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7 On Your Side helps with widow foreclosure nightmare

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A couple found themselves in a frustrating position when the banks wouldn't even talk to them about the home they inherited.

Ask anyone who's ever tried to get a mortgage modification and they'll tell you how tough it can be. The job is made even tougher when the bank refuses to acknowledge you as the rightful owner.

The problem is known as widow foreclosure, but this applies to children or anyone who might inherit a home following the death of a loved one. Those who inherit a home are not listed as the owner on the mortgage, and because of that, getting a bank to talk to you can be difficult.

"Oh, my goodness. My parents. They were married 40 years," said American Canyon resident Lisa Booker.

Lisa has great memories of her mom and dad. Her parents moved to a home in American Canyon back in 2004 so they could be with their grandchildren. Lisa and her husband Deon needed help buying a house. So Lisa's parents agreed to take out the mortgage in their names. Their intent after they died was to leave it for Lisa and her family.

"He was on the loan. We were on the title. We shared title," Deon.

Lisa's father Leon died shortly after moving in with them. Her mother Ella died a few years later. Lisa and Deon continued to pay the mortgage for several years after Ella passed away. But the value of the property dropped and their home was worth less than the remaining mortgage.

The Bookers asked Wells Fargo for a loan modification, but the bank refused to talk to them saying they were not the home owners because their names were not on the loan.

"Now the arrears were growing because they stopped accepting payments. So four, five, six months had gone by so now it's a pretty big amount to pay right," Deon said.

This is where the story gets murky which often happens in the mortgage cases. Wells Fargo says it told the Bookers they needed to assume the loan before the bank would negotiate with them. It blamed the Bookers for delaying the paperwork.

The Bookers said they gave Wells Fargo everything it asked for and submitted it again when the bank denied receiving it.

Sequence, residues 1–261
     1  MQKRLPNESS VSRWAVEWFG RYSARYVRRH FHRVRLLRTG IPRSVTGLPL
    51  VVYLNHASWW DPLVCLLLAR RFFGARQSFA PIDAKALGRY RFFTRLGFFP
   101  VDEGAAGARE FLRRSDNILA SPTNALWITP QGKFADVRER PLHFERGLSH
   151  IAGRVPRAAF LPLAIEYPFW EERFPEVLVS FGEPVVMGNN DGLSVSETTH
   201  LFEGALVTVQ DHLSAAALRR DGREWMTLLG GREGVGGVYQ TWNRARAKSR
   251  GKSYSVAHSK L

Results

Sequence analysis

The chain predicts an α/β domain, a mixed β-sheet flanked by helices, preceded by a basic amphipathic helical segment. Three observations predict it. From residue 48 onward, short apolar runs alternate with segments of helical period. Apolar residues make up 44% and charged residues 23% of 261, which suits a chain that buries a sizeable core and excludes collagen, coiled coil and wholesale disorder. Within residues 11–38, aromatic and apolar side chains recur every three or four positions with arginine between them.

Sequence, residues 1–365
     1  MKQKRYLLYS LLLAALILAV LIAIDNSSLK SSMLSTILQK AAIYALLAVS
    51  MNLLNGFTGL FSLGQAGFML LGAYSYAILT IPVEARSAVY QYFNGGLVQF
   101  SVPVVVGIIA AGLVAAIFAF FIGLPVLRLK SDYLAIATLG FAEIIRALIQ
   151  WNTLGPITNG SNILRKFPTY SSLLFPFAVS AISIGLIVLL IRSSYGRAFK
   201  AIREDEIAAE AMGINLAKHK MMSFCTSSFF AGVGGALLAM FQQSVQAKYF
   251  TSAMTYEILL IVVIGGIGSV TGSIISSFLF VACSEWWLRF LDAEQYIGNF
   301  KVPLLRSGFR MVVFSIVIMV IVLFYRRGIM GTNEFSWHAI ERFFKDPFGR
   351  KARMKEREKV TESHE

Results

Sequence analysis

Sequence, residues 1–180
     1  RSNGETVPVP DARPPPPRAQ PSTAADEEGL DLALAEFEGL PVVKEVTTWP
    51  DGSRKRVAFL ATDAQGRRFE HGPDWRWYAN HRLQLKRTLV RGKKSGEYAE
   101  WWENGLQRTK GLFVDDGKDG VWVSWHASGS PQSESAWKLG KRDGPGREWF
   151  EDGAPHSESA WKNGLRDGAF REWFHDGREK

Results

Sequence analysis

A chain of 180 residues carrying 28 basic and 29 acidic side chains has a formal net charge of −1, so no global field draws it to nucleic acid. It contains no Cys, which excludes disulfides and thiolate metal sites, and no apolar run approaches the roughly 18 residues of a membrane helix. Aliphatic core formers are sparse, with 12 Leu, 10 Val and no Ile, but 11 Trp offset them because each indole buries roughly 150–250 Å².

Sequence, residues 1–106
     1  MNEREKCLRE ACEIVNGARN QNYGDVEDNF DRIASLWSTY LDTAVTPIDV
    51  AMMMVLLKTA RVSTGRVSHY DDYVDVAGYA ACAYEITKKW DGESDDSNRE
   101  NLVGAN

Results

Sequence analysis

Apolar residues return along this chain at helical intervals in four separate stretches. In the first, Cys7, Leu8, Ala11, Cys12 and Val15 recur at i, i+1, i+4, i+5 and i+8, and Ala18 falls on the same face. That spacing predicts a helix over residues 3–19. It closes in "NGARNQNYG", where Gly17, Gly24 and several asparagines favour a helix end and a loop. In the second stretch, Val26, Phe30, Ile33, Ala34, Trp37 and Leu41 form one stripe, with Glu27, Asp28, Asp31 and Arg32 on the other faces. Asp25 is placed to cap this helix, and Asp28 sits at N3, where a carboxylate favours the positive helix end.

Lisa and Deon said they gave the bank the deed, the trust and the death certificates, but the bank still wouldn't talk to them.

"It was as if we didn't matter. As if family didn't matter. As if you know, it was just a money game for them," Lisa said.

Wells Fargo declined an on-camera interview, but Beth Mills of the California Bankers Association said, "Banks have admitted in the past that they were unprepared in terms of staffing levels. But in the last several years, banks have really staffed up quite significantly. That's not to say they won't be the unfortunate instance where documentation may get lost or perhaps the person thinks they sent in all the appropriate documents."

In 2012, the Bookers contacted the non-profit legal assistance firm Housing and Economic Rights Advocates for assistance. Attorney Lisa Sitkins say the Bookers tried to make a $7,500 payment to catch up on the loan, but the bank refused it.

"Then they proceed to apply over and over and over again for a loan modification and every time they would get rejected and be told that the house was not 'owner occupied,'" Sitkins said.

The federal Consumer Financial Protection Bureau recently issued guidelines requiring lenders to have a process in place to deal with situations like this. Kevin Stein is with the California Reinvestment Coalition -- a coalition of 300 consumer and advocacy groups.

"The guidance really doesn't go very far. It's not in the rule itself. It's guidance so has a little bit less authority," Stein said.

Stein would like to see California's Homeowner Bill of Rights amended to add penalties and to give widows and orphans the same rights as everyone else for a loan modification. But the bankers association says more regulation is not what's needed.

"I think when we get to the point where foreclosure is the last resort for everybody, I'm not sure where an enforcement action would come into play here," Mills said.

"There seems to be a loophole that seems to work in the banks' favor. So there needs to be some reform to protect the heirs," Deon said.

Wells Fargo eventually granted the Bookers a loan modification, but they've informed us the Bookers have gotten behind in their mortgage and are again in foreclosure. The Bookers say they intentionally missed payments to force the bank into new negotiations for another loan modification.

The bottom line for you is to document everything if you're in this situation and get the help of a certified non-profit housing counselor.

Related Topics:
homemortgageswells fargobanksloans7 On Your SideforeclosuresAmerican Canyon
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